The Undersigned will however proceed to state a simple reason, which, apart from the intrinsic difficulty of selecting a suitable arbitrator, as well as other considerations that might be adduced, is conclusive on the mind of the President against a reference of this question to arbitration in any form which can be devised, no matter what may be the character of the arbitrator—whether sovereign, citizen, or subject. This reason is, that he does not believe the territorial rights of this nation to be a proper subject for arbitration. It may be true that, under peculiar circumstances, if the interest at stake were comparatively small, and if both parties stood upon an equal footing, there might be no insuperable objection to such a course. But what is the extent of territory in dispute on the present occasion ? It embraces nearly thirteen degrees of latitude along the north-west coast of the Pacific, and stretches eastward to the summit of the Rocky Mountains. Within its limits several powerful and prosperous States of the Union may be embraced. It lies contiguous, on this continent, to the acknowledged territory of the United States, and is destined, at no distant day, to be peopled by our citizens. This territory presents the avenue through which the commerce of our Western States can be profitably conducted with Asia and the western coasts of this continent, and its ports, the only harbours belonging to the United States to which our numerous whalers and other vessels in that region can resort. And yet, vast as are its dimensions, it contains not a single safe and commodious harbour from its southern extremity until we approach the 49th parallel of latitude.
It is far from the intention of the Undersigned again to open the discussion of the conflicting claims of the two Powers to the Oregon Territory. It is sufficient for him to state the continued conviction of the President, that the United States hold the best title in existence to the whole of this territory. Under this conviction he cannot consent to jeopard for his country all the great interests involved, and by any possibility, however remote, to deprive the Republic of all the good harbours on the coast, by referring the question to arbitration.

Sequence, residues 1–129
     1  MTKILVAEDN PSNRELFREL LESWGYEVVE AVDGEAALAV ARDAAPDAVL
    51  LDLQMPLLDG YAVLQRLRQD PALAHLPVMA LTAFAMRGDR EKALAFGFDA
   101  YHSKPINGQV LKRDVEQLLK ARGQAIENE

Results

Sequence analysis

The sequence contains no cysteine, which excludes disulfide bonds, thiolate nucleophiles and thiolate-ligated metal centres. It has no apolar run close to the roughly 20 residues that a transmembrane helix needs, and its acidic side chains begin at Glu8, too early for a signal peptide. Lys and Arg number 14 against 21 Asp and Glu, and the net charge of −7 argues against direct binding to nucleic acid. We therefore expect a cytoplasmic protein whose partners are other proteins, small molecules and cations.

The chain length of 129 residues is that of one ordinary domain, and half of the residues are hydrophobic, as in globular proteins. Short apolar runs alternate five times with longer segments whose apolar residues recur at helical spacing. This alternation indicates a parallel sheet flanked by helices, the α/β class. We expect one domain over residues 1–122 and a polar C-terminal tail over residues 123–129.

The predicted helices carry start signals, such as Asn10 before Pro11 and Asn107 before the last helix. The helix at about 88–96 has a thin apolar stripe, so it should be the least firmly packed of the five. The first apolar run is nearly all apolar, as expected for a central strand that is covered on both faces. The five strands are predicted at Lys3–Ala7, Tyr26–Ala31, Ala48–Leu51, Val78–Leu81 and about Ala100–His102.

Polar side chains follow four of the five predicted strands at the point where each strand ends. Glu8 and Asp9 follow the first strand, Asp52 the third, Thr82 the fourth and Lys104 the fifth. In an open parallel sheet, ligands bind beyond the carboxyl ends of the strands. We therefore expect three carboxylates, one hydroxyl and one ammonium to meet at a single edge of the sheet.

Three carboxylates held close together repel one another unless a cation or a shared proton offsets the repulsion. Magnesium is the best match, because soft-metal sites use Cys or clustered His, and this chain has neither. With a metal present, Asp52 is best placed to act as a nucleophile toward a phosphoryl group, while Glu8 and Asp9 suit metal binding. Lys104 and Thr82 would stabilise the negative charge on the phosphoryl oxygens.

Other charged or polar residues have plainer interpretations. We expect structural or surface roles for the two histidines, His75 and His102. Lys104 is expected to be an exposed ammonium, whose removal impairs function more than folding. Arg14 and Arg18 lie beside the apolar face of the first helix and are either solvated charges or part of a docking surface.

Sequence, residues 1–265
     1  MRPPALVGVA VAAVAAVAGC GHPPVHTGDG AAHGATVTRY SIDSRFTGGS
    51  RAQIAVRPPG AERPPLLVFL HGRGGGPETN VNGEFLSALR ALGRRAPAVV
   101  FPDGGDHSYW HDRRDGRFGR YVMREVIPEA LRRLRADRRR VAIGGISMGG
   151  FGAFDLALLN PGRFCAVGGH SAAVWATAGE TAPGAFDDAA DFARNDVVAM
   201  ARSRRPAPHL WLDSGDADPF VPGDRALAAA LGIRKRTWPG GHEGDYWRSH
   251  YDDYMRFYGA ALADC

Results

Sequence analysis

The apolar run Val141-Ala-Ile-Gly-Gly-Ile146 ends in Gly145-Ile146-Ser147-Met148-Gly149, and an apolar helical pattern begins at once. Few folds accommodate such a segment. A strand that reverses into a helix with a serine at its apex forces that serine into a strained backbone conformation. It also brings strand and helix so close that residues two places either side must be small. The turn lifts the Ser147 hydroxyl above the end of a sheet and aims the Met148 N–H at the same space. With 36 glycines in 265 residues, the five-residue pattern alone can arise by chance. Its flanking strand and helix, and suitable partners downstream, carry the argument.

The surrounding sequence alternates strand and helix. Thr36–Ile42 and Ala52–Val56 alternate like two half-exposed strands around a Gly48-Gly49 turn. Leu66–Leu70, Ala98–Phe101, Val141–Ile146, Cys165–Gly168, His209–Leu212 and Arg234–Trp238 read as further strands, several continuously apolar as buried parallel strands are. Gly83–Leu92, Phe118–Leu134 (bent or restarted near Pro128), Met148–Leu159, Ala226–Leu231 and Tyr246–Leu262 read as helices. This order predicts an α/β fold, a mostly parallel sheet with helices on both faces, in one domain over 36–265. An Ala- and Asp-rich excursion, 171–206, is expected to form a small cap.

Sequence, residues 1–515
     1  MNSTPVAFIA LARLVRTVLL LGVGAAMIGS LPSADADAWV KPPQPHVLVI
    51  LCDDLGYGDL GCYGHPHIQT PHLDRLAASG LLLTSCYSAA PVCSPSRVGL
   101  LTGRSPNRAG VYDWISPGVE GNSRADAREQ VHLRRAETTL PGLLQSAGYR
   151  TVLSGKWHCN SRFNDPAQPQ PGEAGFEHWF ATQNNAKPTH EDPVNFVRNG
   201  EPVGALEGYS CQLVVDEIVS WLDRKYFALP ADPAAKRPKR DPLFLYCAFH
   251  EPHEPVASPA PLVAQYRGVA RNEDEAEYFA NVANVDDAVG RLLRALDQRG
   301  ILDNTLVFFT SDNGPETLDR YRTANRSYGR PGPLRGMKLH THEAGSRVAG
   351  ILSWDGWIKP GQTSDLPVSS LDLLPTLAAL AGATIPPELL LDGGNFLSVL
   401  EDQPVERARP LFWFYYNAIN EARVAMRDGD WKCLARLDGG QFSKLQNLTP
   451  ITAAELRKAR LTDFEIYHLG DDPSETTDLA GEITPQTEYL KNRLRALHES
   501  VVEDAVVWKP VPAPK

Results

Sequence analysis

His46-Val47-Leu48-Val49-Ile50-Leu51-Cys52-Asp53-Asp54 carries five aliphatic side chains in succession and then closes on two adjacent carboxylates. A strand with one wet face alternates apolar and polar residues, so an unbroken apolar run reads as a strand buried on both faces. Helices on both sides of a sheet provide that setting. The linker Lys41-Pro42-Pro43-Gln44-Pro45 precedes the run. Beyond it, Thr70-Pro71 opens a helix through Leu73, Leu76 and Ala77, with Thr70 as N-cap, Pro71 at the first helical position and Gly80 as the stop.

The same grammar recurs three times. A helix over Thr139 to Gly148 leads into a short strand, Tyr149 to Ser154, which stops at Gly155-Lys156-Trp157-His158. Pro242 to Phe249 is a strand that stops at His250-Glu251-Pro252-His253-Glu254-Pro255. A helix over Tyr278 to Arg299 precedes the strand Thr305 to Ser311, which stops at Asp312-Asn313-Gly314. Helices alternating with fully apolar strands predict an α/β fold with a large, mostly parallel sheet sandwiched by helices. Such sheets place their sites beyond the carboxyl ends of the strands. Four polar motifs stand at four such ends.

Neither is the territory in dispute of equal, or nearly equal, value to the two Powers. Whilst it is invaluable to the United States, it is of comparatively small importance to Great Britain. To her Oregon would be but a distant colonial possession of doubtful value, and which, from the natural progress of human events, she would not probably long enough enjoy to derive from it essential benefits; whilst to the United States it would become an integral and essential portion to the Republic. The gain to Great Britain, she would never sensibly feel, whilst the loss to the United States would be irreparable.
The Undersigned is perfectly aware that such considerations can have no bearing upon the question of the title of either party. They are presented solely for the purpose of explaining the views of the President in his refusal to adopt any measure which should withdraw our title from the control of the Government and the people of the United States, and place it within the discretion of any arbitrator, no matter how intelligent and respectable.
The President cordially concurs with the Government of Great Britain in desiring that the present controversy may be amicably adjusted. Of this he has given the strongest proof before the whole world. He believes that as there are no two nations on the earth more closely bound together by the ties of commerce, so there are none who ought to be more able or willing to do each other justice, without the interposition of any arbitrator. The Undersigned, &c.,
(Signed) JAMES BUCHANAN.
Foreign Office, March 3, 6 P. M., 1846. SINCE my preceding despatch of this day's date, was written, I have received your despatch of 5th February with its inclosure, by which you put me in possession of the final rejection by the United States Government, of our proposal of a reference of the Oregon Question to arbitration.
There is of course no time before the departure of the mail of this evening, for the consideration of so serious a question as that which is involved in the President's decision as now announced.
I am, &c., (Signed) ABERDEEN.